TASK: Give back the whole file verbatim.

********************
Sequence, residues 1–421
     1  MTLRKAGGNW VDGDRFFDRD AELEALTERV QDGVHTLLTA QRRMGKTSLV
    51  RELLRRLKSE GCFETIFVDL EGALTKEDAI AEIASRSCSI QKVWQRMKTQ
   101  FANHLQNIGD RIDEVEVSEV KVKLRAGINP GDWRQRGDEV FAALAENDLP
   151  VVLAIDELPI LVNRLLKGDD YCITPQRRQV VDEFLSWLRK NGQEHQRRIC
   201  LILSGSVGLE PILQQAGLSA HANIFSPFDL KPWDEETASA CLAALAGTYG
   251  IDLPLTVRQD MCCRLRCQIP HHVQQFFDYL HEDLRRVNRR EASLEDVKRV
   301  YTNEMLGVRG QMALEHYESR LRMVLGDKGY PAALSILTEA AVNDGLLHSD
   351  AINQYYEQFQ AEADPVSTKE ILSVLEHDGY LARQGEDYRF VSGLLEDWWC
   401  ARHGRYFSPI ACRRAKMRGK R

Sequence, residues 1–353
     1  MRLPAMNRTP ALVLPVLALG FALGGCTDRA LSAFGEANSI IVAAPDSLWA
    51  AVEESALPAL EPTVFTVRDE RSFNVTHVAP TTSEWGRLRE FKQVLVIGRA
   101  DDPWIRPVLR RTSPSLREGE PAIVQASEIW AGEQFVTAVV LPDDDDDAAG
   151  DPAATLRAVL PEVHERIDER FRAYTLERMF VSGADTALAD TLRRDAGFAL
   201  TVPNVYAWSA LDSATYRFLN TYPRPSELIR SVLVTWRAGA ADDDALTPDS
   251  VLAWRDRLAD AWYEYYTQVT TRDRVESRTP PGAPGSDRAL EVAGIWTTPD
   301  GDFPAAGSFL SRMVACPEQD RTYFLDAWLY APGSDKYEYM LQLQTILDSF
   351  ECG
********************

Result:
Sequence, residues 1–421
     1  MTLRKAGGNW VDGDRFFDRD AELEALTERV QDGVHTLLTA QRRMGKTSLV
    51  RELLRRLKSE GCFETIFVDL EGALTKEDAI AEIASRSCSI QKVWQRMKTQ
   101  FANHLQNIGD RIDEVEVSEV KVKLRAGINP GDWRQRGDEV FAALAENDLP
   151  VVLAIDELPI LVNRLLKGDD YCITPQRRQV VDEFLSWLRK NGQEHQRRIC
   201  LILSGSVGLE PILQQAGLSA HANIFSPFDL KPWDEETASA CLAALAGTYG
   251  IDLPLTVRQD MCCRLRCQIP HHVQQFFDYL HEDLRRVNRR EASLEDVKRV
   301  YTNEMLGVRG QMALEHYESR LRMVLGDKGY PAALSILTEA AVNDGLLHSD
   351  AINQYYEQFQ AEADPVSTKE ILSVLEHDGY LARQGEDYRF VSGLLEDWWC
   401  ARHGRYFSPI ACRRAKMRGK R

Sequence, residues 1–353
     1  MRLPAMNRTP ALVLPVLALG FALGGCTDRA LSAFGEANSI IVAAPDSLWA
    51  AVEESALPAL EPTVFTVRDE RSFNVTHVAP TTSEWGRLRE FKQVLVIGRA
   101  DDPWIRPVLR RTSPSLREGE PAIVQASEIW AGEQFVTAVV LPDDDDDAAG
   151  DPAATLRAVL PEVHERIDER FRAYTLERMF VSGADTALAD TLRRDAGFAL
   201  TVPNVYAWSA LDSATYRFLN TYPRPSELIR SVLVTWRAGA ADDDALTPDS
   251  VLAWRDRLAD AWYEYYTQVT TRDRVESRTP PGAPGSDRAL EVAGIWTTPD
   301  GDFPAAGSFL SRMVACPEQD RTYFLDAWLY APGSDKYEYM LQLQTILDSF
   351  ECG